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How to Manage a Trade Show from Afar
When people hear that I work in trade shows, they often say something along the lines of, “It must be amazing to get to travel all over the country, stay in hotels, and see new places.” Little do they know that many face-to-face marketers spend a fraction of their time on show floors. I’ve met exhibit managers who are responsible for their respective companies’ presence at hundreds of events but may only be on site for fewer than five. Instead, they’re squirreled away in their offices, diligently slogging through spreadsheets and invoices while members of the sales team wine and dine clients and use hotel loyalty points to get upgraded to ocean-view suites.
Yes, this is an extreme example, but there’s no getting around the fact that exhibit managers simply can’t always be running the show in person. One of my favorite clients repeatedly tells me that she wants everything planned for her upcoming events so that the show can go on even if I get hit by a bus. Worst-case scenarios aside, over the years I have learned that the most important component of long-distance trade show management is having simple, clear processes in place that keep you and your team organized so nothing gets overlooked. Here are some tips on how to set yourself and your on-site stakeholders up for success when you’re managing a trade show from afar.
Compile a Comprehensive Show Packet
I usually refer to this as my Pre-Show Communication document, which is a detailed operations plan. This document typically starts with the basics, e.g., the show dates and hours, booth number, a map of the exhibit hall, the general service contractor, the freight carrier, etc. After that, I like to put everything in chronological order, especially when it comes to duties during installation and dismantle. For example, I’m currently planning an island exhibit for a client, and I already know that the riggers are coming on Saturday at 8 a.m. and that a supplier is bringing a small freezer unit at 10 a.m. the same day. By putting these details in a timeline, anyone who is on site, from my I&D lead to my client’s marketing manager, can look at the orchestration plan, know what or who is showing up and when, and set their expectations as to how the day is (hopefully) going to go.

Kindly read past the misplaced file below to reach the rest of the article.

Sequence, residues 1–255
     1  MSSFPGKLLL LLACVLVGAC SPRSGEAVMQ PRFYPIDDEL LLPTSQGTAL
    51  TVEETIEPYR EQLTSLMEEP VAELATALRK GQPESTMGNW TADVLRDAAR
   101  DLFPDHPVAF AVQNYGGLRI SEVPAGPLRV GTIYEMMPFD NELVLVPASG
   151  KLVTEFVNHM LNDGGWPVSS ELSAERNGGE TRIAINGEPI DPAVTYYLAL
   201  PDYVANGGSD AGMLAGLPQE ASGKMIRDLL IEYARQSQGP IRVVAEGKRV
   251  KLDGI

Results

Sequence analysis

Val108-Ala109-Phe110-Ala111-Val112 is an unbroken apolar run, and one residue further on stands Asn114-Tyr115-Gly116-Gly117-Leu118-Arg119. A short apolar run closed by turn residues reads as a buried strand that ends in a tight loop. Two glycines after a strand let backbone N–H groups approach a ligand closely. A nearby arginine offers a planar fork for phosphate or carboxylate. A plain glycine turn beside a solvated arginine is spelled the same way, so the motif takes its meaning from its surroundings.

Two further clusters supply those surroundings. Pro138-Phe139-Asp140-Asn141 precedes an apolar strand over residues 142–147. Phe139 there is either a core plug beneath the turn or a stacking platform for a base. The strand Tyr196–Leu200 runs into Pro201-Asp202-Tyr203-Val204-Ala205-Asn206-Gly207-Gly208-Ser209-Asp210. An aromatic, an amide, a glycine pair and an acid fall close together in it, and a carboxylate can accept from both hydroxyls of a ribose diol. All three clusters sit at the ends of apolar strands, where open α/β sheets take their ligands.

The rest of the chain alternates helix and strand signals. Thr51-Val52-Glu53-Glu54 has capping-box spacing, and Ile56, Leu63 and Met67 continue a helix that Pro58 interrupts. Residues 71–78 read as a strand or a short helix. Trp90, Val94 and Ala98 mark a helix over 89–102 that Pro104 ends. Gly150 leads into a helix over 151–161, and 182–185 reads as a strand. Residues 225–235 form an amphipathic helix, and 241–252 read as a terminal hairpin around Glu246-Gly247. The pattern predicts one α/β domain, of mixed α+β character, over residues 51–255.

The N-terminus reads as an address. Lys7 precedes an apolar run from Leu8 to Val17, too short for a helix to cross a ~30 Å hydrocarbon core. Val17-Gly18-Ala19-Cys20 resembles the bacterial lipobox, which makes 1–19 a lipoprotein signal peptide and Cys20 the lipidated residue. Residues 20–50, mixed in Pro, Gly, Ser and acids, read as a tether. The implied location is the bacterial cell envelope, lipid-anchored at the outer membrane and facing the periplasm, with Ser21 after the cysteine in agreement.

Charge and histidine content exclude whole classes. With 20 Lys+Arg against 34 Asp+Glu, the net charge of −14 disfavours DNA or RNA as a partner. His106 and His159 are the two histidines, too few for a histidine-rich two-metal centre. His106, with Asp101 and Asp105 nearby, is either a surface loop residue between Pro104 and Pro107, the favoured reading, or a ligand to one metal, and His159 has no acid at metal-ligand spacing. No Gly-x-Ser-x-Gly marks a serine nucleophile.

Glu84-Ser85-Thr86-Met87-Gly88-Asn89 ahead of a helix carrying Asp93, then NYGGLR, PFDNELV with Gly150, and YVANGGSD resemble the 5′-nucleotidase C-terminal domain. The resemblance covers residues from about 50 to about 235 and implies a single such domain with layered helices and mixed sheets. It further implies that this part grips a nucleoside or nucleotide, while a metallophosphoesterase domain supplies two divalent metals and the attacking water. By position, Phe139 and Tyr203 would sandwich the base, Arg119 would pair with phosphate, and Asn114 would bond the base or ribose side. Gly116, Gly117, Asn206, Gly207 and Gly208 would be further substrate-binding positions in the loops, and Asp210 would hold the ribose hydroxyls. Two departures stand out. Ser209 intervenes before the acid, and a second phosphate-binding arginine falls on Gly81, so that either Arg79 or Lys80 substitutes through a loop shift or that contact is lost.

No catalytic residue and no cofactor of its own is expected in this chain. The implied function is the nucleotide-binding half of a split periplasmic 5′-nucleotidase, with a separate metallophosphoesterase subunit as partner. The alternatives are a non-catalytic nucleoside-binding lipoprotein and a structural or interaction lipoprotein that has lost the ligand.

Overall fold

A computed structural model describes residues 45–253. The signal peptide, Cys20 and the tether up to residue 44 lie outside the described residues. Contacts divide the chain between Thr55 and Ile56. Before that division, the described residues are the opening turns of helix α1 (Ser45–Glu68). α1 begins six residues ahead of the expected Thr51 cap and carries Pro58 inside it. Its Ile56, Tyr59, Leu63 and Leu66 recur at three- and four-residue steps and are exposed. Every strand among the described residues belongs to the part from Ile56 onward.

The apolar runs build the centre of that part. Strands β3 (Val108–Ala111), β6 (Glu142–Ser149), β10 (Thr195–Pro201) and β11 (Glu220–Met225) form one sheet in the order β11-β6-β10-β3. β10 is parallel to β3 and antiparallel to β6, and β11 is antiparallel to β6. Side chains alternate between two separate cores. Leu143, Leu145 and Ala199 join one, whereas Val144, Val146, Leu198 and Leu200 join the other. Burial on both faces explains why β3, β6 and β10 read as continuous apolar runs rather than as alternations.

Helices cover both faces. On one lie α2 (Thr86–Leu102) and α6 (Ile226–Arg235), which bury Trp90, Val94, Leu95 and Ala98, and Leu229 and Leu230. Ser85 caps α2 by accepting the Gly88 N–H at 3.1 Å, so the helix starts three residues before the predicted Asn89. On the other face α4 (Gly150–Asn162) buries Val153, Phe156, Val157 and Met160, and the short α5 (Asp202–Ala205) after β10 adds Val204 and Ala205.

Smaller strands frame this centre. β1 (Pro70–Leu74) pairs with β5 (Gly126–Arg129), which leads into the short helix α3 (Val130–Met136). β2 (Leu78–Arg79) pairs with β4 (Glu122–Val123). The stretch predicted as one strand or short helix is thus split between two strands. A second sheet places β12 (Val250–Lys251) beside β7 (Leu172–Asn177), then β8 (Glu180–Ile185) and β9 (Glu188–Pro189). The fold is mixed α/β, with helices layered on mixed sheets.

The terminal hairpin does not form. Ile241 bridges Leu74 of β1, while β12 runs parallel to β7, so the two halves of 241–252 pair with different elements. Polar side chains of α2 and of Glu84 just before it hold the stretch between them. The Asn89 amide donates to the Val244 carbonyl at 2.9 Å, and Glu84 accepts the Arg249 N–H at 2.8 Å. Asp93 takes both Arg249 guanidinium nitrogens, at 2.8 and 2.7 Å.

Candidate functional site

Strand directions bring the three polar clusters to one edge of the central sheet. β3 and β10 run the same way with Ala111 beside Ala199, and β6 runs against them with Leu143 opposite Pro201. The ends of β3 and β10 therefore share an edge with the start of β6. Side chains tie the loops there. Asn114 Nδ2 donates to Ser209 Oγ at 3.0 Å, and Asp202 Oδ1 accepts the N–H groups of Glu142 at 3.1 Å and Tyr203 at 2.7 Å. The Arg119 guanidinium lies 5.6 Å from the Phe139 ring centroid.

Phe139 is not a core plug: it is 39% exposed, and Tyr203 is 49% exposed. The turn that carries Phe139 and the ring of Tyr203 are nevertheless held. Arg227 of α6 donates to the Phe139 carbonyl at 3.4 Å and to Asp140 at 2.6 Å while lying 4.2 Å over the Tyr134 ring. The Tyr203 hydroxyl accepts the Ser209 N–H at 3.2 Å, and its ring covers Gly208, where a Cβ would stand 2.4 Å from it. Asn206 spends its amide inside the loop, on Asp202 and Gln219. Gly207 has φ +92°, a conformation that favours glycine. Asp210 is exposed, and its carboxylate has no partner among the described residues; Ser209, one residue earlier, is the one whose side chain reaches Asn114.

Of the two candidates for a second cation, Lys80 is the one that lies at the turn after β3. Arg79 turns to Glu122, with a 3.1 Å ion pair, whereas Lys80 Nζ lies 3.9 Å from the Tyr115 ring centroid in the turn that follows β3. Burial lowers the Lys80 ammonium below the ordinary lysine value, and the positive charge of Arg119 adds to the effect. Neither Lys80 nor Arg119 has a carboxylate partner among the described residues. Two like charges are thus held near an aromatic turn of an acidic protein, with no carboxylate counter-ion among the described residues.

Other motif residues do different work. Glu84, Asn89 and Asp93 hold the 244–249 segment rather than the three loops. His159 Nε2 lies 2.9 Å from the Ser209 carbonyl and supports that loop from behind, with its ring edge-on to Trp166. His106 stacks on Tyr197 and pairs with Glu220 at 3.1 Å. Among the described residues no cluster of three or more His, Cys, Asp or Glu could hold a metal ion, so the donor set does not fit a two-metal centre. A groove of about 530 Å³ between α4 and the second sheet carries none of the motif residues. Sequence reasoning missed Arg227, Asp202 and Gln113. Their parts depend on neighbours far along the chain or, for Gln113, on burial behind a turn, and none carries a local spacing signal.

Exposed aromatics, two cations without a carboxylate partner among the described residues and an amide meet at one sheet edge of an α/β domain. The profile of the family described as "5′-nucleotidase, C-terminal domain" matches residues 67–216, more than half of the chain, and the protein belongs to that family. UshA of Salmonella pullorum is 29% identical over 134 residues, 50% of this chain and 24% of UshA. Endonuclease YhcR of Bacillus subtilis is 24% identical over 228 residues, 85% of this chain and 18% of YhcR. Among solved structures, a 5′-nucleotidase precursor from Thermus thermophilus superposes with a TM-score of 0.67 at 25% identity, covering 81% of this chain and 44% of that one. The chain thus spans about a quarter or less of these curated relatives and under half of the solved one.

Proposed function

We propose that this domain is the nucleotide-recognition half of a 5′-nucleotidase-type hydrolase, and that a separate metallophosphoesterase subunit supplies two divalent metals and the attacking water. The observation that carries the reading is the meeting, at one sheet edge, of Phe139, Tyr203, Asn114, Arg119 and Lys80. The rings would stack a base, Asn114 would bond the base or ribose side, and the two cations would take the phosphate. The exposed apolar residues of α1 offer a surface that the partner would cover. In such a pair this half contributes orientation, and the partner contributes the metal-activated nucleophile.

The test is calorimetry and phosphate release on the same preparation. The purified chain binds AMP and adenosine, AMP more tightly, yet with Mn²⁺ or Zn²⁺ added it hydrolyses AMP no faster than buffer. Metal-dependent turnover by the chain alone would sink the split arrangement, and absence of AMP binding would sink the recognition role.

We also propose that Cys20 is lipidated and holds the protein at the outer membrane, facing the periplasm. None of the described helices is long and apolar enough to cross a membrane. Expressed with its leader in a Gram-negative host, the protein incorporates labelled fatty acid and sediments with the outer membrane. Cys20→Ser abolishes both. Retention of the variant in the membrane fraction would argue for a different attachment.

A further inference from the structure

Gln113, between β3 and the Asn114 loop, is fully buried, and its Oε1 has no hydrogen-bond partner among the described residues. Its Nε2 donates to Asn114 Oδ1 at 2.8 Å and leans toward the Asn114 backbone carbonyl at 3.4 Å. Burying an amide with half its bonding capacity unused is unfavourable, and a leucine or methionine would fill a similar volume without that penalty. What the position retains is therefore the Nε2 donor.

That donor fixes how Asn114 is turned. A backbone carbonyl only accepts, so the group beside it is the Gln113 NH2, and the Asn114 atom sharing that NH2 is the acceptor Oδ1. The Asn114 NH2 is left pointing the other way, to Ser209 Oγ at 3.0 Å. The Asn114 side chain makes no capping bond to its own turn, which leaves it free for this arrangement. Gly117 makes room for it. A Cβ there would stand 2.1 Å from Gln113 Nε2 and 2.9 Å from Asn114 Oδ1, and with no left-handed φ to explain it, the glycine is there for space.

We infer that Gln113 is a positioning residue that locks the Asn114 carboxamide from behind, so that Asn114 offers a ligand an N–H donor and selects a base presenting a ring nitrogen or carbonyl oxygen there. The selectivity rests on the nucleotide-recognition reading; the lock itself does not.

In addition to a chronological breakdown, you’ll want to include info on all the relevant contacts your on-site team may need, such as reps from show management, the GSC, your exhibit house, service providers, and anyone else involved in the operations plan. It’s a good idea to also provide the hours of both the venue’s FedEx or UPS store (if applicable) and any nearby locations that have extended open times.
As for all the order forms, contracts, exhibit diagrams, and paperwork involved in even the smallest of events, I suggest covering all your bases and including hard copies in the pre-show document and uploading digital versions to Google Drive, Dropbox, or similar services that allow easy remote access. And speaking of access, I like to provide the on-site team with an iPad so they can upload and download files as needed. But take heed that some venues’ Wi-Fi may range from spotty to nonexistent during setup periods, so it’s in your best interest to have important files saved locally on the tablet.